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. US military doubts bombing of Iran would succeed: report
NEW YORK, July 2 (AFP) Jul 02, 2006
Senior military officers have warned the US administration that bombing raids against Iran would likely fail to destroy the country's nuclear program due to a lack of reliable intelligence, the New Yorker magazine reported Sunday.

Pentagon officers "have told the administration that the bombing campaign will probably not succeed in destroying Iran's nuclear program," Pulitzer Prize winning journalist Seymour Hersh wrote in the magazine's latest edition.

The military officers are concerned about contingency plans to launch air strikes against Iran because of the absence of actionable intelligence or concrete evidence of bomb making, the magazine said, citing unnamed active duty and retired officers and officials.

The article also alleges that the White House had advocated the possible use of a nuclear device to attack Iran's uranium enrichment plant in Natanz but that the military leadership ultimately succeeded in having the option dropped in late April.

The military's experience in Iraq, in which US intelligence on weapons of mass destruction proved "deeply flawed," has made senior officers wary in the case of a possible air campaign against Iran, the New Yorker said.

"The target array in Iran is huge, but it's amorphous.... We built this big monster with Iraq, and there was nothing there. This is son of Iraq," one high-ranking general told the magazine.

A former senior intelligence official is quoted as saying that Pentagon officers are asking: "What's the evidence? We've got a million tentacles out there, overt and covert, and these guys (the Iranians) have been working on this for eighteen years, and we have nothing?"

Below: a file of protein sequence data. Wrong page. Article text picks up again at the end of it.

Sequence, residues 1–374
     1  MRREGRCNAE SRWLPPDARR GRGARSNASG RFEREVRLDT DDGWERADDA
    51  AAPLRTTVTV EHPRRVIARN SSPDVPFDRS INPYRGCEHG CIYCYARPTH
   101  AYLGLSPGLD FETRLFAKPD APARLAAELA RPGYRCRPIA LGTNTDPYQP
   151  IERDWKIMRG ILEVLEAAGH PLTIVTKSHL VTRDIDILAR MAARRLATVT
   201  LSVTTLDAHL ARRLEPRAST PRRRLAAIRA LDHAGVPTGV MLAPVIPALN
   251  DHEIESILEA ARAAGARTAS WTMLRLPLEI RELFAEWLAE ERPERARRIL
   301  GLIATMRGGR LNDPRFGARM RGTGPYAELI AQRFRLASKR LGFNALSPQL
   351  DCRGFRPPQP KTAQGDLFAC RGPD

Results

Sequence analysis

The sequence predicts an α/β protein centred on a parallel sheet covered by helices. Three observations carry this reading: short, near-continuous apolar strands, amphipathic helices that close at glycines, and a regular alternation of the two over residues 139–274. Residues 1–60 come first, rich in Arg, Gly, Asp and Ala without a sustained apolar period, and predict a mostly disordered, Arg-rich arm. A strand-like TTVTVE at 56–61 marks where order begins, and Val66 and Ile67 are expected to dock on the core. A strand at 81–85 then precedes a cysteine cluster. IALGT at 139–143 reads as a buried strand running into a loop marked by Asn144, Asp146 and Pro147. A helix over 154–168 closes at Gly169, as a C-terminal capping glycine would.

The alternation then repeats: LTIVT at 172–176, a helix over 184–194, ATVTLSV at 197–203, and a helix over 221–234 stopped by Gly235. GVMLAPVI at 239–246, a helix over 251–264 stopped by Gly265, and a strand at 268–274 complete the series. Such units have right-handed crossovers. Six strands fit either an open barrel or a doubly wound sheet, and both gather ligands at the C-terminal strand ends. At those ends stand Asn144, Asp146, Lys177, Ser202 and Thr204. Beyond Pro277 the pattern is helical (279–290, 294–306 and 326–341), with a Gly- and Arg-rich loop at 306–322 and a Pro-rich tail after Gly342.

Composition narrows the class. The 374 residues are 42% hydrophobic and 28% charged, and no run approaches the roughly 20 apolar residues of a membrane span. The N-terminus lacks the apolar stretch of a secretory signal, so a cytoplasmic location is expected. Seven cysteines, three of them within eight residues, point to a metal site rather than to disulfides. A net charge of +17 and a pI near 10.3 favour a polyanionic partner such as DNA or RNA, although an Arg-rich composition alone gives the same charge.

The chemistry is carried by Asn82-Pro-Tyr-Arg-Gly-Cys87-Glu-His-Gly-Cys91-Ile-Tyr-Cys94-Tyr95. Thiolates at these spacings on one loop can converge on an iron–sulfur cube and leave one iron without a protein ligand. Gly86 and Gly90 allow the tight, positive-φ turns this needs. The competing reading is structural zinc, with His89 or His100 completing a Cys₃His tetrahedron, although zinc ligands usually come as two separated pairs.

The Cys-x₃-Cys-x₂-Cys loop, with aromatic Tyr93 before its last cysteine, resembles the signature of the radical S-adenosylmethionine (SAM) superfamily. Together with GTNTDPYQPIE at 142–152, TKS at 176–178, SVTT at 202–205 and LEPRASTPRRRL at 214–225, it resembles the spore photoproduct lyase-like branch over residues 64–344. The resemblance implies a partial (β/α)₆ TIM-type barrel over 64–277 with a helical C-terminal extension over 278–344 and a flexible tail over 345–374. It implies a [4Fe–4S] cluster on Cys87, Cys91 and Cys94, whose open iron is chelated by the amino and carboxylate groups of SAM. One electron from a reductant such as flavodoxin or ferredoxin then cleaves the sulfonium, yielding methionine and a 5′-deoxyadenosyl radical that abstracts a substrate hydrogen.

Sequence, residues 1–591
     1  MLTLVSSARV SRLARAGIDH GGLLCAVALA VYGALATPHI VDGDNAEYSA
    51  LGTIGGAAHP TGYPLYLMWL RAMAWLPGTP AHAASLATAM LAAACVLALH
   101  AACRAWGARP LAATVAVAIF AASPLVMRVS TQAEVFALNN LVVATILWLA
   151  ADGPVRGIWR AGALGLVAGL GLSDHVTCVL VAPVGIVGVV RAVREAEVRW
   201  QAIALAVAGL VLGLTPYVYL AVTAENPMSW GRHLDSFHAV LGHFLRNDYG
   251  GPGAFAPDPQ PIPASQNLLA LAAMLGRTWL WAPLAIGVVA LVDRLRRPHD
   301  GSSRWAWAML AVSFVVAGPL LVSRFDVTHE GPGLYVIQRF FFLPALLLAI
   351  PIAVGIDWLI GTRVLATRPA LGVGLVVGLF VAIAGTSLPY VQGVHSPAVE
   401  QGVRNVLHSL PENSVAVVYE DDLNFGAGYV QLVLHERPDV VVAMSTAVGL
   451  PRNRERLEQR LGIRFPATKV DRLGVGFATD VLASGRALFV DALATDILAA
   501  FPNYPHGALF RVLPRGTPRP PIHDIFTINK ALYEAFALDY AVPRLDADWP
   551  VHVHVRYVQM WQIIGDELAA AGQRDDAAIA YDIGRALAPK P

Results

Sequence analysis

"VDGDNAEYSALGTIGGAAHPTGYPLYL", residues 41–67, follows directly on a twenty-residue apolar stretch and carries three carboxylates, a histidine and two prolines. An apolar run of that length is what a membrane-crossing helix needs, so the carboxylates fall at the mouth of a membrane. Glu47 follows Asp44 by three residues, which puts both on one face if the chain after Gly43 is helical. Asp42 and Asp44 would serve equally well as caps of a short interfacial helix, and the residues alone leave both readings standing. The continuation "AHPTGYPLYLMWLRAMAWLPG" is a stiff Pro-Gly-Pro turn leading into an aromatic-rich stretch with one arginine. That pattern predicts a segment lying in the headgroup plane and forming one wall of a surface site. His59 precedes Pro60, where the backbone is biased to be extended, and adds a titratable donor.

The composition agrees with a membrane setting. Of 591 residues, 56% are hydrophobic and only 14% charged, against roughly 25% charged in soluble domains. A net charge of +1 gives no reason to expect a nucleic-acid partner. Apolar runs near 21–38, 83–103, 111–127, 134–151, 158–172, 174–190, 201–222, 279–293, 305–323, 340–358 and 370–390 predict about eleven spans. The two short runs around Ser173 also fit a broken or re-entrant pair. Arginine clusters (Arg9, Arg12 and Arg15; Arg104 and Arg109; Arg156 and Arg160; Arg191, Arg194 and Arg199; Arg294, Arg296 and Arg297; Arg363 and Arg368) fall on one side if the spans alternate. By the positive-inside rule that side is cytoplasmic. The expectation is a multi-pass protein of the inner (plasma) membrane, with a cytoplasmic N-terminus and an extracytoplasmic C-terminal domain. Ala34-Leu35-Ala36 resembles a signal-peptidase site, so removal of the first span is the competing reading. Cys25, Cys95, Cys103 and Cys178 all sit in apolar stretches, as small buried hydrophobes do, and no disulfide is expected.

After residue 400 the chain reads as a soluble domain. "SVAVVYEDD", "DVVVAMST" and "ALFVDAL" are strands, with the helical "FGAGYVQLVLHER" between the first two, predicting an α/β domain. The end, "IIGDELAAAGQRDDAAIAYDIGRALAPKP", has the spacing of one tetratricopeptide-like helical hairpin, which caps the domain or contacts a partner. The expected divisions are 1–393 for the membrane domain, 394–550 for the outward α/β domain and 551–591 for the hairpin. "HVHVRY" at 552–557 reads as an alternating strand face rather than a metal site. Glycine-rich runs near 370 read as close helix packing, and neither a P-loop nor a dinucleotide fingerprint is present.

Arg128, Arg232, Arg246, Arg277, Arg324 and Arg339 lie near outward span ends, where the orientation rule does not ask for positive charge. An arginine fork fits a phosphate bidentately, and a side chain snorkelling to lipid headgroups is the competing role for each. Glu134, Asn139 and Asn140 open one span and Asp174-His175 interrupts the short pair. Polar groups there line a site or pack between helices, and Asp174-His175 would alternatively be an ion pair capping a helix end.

Entitled "Last Stand: The military's problem with the President's Iran policy", the article written by journalist Seymour Hersh portrays military officers as anxious about history's judgement and increasingly willing to air their objections to policies set out by Defense Secretary Donald Rumsfeld.

"The system is starting to sense the end of the road, and they don't want to be condemned by history," a retired four-star general told the magazine.

"They want to be able to say, We stood up.'"

The Bush administration has refused to rule out possible military action if diplomatic efforts fail to persuade Iran to halt sensitive uranium enrichment work.

The US and other world powers on Thursday gave Tehran one more week to provide a "clear and substantive response" to an international proposal designed to defuse the long-running crisis over Iran's nuclear programme.

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